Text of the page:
If, on the other hand, you buy a boat with a residential mooring or are lucky enough to source one retrospectively, your systems won’t need to be quite so advanced. If your mooring comes fully serviced (with water, fuel, sewerage and shore power) and you only tend to nip out for the odd cruise, you can get away with a much simpler fit-out - and you can also get away with much more power-hungry facilities on board. Washing machines, hair dryers, electric kettles, thermostat-controlled electric heaters – they all make your boat feel less like a rudimentary camping shelter and more like an authentic home. Just be aware that, if your hull is built from steel, like the vast majority of liveaboard boats, regular blacking and anode changes are a must. And you should also think about investing in a galvanic isolator – a neat little box that prevents stray, low-voltage DC currents causing accelerated corrosion of your subsurface metals. It’s certainly comforting, being tucked away in a secure marina, but when you and everyone else is hooked up to shore power, it’s vital to know that things are being protected below the waterline.
What else do I need to think about?
In addition to the obvious necessities like a licence for the region you intend to use, it is very handy to retain a bricks-and-mortar address when you're living on a boat. It makes it much easier to deal with formal institutions like banks and various government agencies like HMRC and the DVLA – and it also enables you to stay on the electoral roll, to register with a doctor and to continue to receive your mail. A family address can help with this; and there are also now various marina offices around the network that will receive and sort mail on your behalf for a small fee.
Does it make financial sense?
The price of living on a boat varies enormously, depending on the size and type of craft, the way you use it and the location of your mooring, should you choose to operate that way. Maintenance costs, fuel and marina services all add to the cost, as do insurance fees, upgrades (every liveaboard boater makes them) and licence fees. You will also need to keep your boat up to speed with the stipulations of the Boat Safety Certificate and they tend to develop to an extraordinary degree with every year that passes.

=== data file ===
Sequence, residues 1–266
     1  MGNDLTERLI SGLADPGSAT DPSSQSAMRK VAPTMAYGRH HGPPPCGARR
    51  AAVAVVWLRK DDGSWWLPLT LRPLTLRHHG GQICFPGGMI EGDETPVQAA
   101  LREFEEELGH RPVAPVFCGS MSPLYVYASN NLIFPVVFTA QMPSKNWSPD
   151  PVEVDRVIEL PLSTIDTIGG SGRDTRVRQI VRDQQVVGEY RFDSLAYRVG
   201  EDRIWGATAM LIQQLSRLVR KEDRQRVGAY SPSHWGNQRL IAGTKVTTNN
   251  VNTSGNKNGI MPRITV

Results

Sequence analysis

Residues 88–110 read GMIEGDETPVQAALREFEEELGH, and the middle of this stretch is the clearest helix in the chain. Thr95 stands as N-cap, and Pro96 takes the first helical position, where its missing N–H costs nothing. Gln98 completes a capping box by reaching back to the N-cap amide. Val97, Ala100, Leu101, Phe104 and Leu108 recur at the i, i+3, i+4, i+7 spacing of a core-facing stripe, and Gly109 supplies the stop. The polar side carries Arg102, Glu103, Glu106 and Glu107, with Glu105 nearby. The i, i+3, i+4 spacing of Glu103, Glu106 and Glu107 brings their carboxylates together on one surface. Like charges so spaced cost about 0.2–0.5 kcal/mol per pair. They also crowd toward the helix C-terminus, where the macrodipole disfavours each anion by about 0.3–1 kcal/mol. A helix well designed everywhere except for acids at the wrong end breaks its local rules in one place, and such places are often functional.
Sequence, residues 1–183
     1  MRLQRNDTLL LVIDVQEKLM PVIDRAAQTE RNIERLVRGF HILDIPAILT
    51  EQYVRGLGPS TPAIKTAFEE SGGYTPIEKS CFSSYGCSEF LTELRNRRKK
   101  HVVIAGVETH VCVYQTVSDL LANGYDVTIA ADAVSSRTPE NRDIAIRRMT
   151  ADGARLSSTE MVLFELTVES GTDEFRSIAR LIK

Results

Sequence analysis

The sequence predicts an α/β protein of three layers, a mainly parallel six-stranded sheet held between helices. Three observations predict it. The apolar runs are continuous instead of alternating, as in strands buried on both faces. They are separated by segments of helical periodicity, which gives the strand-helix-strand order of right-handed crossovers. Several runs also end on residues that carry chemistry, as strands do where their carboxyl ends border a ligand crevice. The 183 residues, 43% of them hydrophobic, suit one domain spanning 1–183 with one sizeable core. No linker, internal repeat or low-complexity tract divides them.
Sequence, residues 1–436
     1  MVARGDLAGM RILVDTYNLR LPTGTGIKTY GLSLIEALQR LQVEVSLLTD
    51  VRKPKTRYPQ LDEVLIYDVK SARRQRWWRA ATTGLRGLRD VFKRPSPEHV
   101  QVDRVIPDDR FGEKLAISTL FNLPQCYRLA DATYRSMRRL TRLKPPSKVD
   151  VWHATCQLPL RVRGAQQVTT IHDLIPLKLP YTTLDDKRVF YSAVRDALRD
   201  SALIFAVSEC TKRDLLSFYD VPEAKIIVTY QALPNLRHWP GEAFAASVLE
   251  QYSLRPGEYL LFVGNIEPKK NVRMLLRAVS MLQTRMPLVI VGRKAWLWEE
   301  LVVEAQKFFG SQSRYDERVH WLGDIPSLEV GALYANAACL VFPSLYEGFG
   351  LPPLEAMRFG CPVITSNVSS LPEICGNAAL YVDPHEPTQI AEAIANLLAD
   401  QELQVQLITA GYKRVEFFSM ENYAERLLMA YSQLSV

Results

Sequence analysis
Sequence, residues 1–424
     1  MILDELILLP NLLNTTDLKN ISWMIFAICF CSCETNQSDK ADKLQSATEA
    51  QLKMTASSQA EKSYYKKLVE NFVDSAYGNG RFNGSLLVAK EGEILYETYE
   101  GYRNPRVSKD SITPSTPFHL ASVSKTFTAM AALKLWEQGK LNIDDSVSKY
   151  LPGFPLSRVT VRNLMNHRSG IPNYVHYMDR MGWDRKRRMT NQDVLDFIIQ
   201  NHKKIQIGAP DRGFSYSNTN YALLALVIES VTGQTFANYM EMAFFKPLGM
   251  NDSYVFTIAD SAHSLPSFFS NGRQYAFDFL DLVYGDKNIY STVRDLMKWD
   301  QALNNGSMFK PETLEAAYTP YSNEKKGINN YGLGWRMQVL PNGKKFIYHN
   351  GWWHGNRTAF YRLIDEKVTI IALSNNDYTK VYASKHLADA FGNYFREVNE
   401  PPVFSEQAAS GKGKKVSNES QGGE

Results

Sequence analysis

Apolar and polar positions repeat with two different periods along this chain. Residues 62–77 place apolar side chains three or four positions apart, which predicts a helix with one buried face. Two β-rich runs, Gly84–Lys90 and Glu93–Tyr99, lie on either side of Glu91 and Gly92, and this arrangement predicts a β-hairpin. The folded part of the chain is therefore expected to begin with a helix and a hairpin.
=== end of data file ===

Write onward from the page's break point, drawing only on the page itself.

Of course, producing your own hot water and electricity does help mitigate the costs but it’s by no means a form of free living as the uninitiated often seem to assume. While an annual mooring might cost £2,000 in some parts of the country, in places like London, where demand is particularly intense, that figure could easily be well in excess of £10,000. There are usually ways of arranging a liveaboard lifestyle to suit a modest budget, but it would be folly to make the move to the waterways simply in a bid to minimise costs.
A final word
Whatever kind of boat you buy and however you choose to use it, be aware that living on a boat requires an unwavering, hands-on approach. Systems need to be used, tanks need to filled and emptied, rust spots need to be treated, brasses need to be polished and engines need to be serviced. It’s a superb way to live, but if you get lazy, both your boat and your lifestyle will become shabby and unappealing much more rapidly than you think. However, if the prospect of toil and elbow grease doesn’t put you off, the Residential Boat Owners’ Association (RBOA) is a great place to find out more about the pleasures and the challenges of living afloat – and they even have a book (called ‘Living Afloat’) which is packed with tips and insights from those who count themselves among Britain’s ever-growing population of boat dwellers.